Cotton experts cut their forecast for world production of the fibre – but not by as much as many analysts have pencilled in.
Cotton futures eased despite supportive comments from Standard Chartered.
The International Cotton Advisory Committee cut by 500,000 tonnes, to 26.9m tonnes (123m bales), its forecast for world production of the fibre in the newly-started 2011-12 season.
"Severe drought conditions" in Texas, America’s top cotton-producing state, will "not only increase abandonment but also limit yields", the committee, an intergovernmental group, said.
The total crop in the US, the biggest cotton exporter, was estimated at 3.5m tonnes.
Behind the curve?
However, the downgrades left the ICAC estimates nearly identical to US Department of Agriculture forecasts which many analysts are expecting to be cut, potentially in a crop report next week, when a fresh US yield estimate is factored in.
USDA officials are currently using a yield figure of 800 pounds per acre, in line with that last year’s result, despite the worst drought in Texas since records began in 1895.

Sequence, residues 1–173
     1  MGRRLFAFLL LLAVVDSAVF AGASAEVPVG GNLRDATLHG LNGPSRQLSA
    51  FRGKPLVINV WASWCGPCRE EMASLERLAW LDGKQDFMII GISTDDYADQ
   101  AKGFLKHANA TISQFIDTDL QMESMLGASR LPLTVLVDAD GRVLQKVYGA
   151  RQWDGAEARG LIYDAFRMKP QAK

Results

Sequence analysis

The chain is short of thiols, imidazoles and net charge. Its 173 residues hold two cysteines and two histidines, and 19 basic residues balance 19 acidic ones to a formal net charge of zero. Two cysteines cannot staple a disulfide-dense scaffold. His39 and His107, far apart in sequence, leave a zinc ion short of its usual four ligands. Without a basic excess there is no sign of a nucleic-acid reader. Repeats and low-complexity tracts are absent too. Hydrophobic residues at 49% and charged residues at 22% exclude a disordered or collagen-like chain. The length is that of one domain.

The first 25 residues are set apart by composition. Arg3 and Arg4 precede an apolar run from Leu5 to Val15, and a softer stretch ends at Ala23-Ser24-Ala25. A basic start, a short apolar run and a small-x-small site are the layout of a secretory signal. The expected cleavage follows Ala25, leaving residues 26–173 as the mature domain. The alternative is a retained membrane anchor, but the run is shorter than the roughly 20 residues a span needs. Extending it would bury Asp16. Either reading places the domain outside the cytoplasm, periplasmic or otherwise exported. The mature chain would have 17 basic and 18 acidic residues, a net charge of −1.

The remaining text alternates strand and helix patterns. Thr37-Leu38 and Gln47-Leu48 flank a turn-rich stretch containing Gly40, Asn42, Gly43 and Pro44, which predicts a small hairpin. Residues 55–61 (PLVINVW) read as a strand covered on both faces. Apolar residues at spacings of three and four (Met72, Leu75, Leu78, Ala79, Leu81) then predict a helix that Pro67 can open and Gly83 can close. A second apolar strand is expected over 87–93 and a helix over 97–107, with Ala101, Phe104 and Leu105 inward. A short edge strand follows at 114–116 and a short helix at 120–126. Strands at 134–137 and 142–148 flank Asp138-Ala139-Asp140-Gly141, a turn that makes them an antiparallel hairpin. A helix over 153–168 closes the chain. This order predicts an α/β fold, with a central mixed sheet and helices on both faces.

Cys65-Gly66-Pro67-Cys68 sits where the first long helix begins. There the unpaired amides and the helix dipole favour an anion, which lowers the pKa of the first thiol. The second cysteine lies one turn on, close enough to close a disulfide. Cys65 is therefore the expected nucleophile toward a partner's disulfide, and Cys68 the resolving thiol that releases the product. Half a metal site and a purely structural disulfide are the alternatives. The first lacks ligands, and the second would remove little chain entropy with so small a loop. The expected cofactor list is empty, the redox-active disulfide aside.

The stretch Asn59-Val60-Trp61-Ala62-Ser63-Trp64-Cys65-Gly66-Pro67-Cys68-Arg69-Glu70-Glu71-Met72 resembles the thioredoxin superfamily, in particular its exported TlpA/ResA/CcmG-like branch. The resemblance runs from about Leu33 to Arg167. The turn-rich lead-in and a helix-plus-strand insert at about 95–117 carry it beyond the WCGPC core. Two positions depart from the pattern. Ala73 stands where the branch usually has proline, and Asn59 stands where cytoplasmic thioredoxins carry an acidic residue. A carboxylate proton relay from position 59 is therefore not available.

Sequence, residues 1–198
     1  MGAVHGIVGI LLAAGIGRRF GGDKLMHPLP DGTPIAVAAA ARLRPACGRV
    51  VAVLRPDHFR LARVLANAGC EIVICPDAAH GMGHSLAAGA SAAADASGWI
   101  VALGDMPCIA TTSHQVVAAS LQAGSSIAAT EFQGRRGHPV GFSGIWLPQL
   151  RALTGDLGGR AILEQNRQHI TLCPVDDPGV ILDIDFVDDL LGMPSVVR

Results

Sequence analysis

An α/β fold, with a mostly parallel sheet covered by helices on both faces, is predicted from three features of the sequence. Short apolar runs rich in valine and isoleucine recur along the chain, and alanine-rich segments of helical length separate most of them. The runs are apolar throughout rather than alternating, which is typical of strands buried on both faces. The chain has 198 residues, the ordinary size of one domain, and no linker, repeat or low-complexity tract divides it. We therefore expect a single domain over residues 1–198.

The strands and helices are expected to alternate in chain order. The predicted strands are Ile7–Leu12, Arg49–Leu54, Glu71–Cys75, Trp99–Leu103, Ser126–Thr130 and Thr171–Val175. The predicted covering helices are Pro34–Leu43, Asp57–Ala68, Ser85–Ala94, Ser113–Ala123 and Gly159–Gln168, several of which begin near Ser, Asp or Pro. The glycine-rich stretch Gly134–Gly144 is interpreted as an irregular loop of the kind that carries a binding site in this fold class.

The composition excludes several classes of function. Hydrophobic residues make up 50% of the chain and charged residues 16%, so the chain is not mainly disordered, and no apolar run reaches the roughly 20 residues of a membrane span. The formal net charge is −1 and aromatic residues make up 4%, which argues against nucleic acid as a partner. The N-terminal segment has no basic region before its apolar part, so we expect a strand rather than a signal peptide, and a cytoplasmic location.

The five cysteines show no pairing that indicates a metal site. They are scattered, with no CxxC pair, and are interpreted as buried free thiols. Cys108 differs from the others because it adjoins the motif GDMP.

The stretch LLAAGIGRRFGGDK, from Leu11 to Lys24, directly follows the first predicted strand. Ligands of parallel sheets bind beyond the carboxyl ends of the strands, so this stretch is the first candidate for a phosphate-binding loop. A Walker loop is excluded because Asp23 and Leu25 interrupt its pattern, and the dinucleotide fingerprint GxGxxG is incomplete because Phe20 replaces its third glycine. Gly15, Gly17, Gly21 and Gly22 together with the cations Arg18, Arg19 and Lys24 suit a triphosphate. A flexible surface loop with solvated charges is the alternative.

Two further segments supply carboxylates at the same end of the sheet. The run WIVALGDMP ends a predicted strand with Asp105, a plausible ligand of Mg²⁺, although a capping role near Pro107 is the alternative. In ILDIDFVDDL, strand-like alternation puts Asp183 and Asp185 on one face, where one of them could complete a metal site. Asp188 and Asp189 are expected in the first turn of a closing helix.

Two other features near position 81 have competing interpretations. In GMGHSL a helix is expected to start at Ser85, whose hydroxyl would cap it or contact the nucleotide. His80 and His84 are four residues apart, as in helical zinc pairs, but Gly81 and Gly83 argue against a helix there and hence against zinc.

Separate USDA data overnight showed 30% of the domestic crop in "good" or "excellent" condition, compared with 66% a year ago.
Furthermore, the ICAC downgraded its forecast for cotton consumption, by 200,000 tonnes to 25.0m tonnes, saying demand would be "moderated by relatively high cotton prices and competition from chemical fibres".
In New York, cotton for December delivery dipped 1.1% to 103.93 cents a pound as of 13:00 GMT. (14:00 UK time).
Separately, Standard Chartered analyst Abah Ofon joined analysts forecasting that the slide in cotton prices, which have tumbled by more than one-half from record highs set in March, has run its course for now.
"We see limited downside for cotton prices from current levels," Mr Ofon said.
The assessment was based on expectations that demand will be whetted by the decline in values, besides the state of the crop in Texas, which accounts for one-half of US output.
"We expect current market prices to generate significant buying interest from China," the top cotton-importing country, he said, forecasting that New York’s near-term cotton contract will average 110 cents a pound in the current quarter, and 115 cents a pound in the last three months of 2011.
At Barclays Capital, analyst Sudakshina Unnikrishnan forecast "a further downgrade in the USDA’s estimate of the 2011-12 US cotton crop, with the drought in Texas more than offsetting higher plantings year on year".
However she added that "prices are unlikely to move significantly higher, as global production estimates ex-the US remain in good shape".